Of course there’s long been an appetite for gruesome tales and sinister stories, as anyone familiar with folk music or fairy stories knows. But these pamphlets were disseminated with a speed and range far beyond the reach of oral culture – meaning that their contents could stoke fears and reinforce prejudices before the commotion of a public witch-trial died down. One effect of the Chelmsford case was the sudden rise of a new embellishment to the accusations and dubiously extracted ‘confessions’ of witchcraft: the use of an animal as a diabolic familiar.
The Stationers’ Registers contain many more entries for pamphlets reporting on witch trials, and ballads relating the heinous doings of these witches. And witches played their part in the theatre too, Shakespeare’s Macbeth containing the best known examples. But digging a little deeper in the Registers reveals the complexity of the context in which these witch-hunts were pursued: for instance, while witchcraft was frowned upon, ‘prognostication’ was not only accepted, but lucrative (via their best-selling Almanacs, not least for the Stationers themselves).
Find out more by visiting the Stationers’ Company Archive: our new reading-room will be opening in Spring 2018, and you can contact me for further information (come on over to our stand at History Day, too.)
At the Stationers’ Company Archive:
Stationers’ Company Register A, TSC/1/D/02/01
Liber B, TSC/1/F/02/01
Registers of Entry of Copy, Libers C-G, TSC/1/E/06/02 – TSC/1/E/06/06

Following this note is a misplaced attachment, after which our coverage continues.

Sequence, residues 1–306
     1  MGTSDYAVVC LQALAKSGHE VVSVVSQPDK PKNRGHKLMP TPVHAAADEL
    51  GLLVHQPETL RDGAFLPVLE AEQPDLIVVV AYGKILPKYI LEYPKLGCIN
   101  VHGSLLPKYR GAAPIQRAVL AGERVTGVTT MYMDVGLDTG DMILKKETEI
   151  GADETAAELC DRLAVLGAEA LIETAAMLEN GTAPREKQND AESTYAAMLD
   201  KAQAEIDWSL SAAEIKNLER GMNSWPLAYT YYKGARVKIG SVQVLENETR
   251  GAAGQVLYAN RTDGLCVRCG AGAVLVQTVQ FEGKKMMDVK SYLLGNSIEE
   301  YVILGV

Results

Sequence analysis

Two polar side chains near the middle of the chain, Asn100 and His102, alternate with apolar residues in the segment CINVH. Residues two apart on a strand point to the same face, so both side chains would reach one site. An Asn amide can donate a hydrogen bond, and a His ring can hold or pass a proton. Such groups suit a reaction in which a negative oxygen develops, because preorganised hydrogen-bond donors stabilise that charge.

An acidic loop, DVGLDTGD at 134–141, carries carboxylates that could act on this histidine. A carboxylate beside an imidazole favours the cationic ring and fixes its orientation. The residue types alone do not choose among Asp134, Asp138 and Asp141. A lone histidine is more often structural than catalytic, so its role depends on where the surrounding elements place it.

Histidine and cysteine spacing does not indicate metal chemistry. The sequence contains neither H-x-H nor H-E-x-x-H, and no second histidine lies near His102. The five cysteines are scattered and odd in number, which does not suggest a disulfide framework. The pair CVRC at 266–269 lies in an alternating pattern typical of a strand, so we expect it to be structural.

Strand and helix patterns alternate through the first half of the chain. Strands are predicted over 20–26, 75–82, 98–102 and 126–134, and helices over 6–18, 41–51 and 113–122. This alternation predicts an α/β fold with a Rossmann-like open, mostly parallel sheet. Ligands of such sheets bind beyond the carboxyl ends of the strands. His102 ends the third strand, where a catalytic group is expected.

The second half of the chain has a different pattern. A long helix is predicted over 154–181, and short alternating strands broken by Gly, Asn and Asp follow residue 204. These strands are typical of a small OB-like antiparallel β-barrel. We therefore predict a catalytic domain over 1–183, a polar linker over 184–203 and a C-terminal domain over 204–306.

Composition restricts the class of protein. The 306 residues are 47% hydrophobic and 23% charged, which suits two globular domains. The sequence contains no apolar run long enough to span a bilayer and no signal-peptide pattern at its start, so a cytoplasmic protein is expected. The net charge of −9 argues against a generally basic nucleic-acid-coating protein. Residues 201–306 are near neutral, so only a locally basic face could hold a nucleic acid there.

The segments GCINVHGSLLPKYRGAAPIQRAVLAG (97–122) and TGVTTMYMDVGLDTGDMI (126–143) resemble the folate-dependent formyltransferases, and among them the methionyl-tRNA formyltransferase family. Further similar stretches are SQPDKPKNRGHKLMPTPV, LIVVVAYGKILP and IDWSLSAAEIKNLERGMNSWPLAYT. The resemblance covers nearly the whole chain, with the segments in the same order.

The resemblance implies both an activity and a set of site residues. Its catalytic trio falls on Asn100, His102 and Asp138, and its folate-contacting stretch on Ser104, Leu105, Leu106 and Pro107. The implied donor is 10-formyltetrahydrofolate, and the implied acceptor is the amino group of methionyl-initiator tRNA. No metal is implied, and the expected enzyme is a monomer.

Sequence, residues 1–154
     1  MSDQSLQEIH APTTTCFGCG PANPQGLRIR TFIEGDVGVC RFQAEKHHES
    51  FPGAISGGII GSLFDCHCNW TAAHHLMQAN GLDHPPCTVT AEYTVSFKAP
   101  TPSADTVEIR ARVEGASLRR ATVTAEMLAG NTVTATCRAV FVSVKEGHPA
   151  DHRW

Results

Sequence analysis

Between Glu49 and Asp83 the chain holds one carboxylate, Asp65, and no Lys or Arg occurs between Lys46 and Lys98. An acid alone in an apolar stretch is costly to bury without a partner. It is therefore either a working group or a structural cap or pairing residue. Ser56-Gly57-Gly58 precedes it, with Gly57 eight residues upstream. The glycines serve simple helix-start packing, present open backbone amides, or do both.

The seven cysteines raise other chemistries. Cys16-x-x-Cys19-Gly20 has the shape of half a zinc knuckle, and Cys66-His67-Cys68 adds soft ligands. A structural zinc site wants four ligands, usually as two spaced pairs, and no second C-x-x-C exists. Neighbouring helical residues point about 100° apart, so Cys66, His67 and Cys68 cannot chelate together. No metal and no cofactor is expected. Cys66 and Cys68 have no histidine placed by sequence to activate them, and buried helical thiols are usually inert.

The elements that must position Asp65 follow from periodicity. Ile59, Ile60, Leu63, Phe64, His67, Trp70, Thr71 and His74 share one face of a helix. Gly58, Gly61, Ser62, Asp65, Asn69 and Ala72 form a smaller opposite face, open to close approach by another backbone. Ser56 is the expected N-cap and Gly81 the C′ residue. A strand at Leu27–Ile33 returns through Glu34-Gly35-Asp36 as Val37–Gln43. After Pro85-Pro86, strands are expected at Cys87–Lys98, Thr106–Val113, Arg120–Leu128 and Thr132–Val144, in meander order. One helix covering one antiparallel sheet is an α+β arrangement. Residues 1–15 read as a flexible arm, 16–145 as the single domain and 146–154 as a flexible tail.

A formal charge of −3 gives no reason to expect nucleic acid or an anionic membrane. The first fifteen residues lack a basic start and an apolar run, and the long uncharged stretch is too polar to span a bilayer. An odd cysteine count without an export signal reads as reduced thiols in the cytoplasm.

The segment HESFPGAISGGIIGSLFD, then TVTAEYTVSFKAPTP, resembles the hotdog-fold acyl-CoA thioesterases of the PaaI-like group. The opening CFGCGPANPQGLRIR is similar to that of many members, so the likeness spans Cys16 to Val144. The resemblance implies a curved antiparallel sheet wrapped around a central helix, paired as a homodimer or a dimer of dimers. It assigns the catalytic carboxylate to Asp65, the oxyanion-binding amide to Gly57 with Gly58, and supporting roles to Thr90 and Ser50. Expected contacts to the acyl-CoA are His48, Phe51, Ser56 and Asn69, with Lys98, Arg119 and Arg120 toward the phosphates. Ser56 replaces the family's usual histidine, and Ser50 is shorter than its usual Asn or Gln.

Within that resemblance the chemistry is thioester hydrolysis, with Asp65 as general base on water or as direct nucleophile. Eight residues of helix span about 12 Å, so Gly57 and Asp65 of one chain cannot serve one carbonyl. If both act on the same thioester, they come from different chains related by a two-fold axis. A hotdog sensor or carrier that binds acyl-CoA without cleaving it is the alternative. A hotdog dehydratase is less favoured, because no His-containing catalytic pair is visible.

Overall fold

Key text discussed:
The Examination and Confession of Certain Witches at Chelmsford in the county of Essex Communicated and prefaced by H. Beigel [A reprint of “The examination and confession of certaine wytches et Chensforde … before the Quenes maiesties Judges, the xxvi daye of July Anno 1556,” and “The second examination of mother Agnes Waterhouse, and Jone her daughter … the xxvii day of July Anno 1566], consulted on the Internet Archive, https://archive.org/details/b24926760
If you want to read more about ‘witches’ in this period:
Ben-Yehuda, N. (1980), ‘The European witch craze of the 14th to 17th centuries: A sociologist’s perspective’ in The American Journal of Sociology, 86 (1), 1-31
Bever, Edward, The realities of witchcraft and popular magic in early modern Europe : culture, cognition, and everyday life, 2008
Ginzburg, Carlo, ‘Deciphering the Sabbath‘ in Ankarloo Bengt and Gustav Henningsen (eds.), Early Modern European Witchcraft: Centres and Peripheries, Clarendon Press, 1990, pp.121-37
Clark, Stuart, Thinking with demons: the idea of witchcraft in early modern Europe, Clarendon Press, 1997
https://blogs.ubc.ca/etec540sept09/2009/10/31/unintended-consequences/ – great piece that got me thinking about all this in the first place
http://theconversation.com/hag-temptress-or-feminist-icon-the-witch-in-popular-culture-77374 – nothing to do with this post, but an interesting discussion!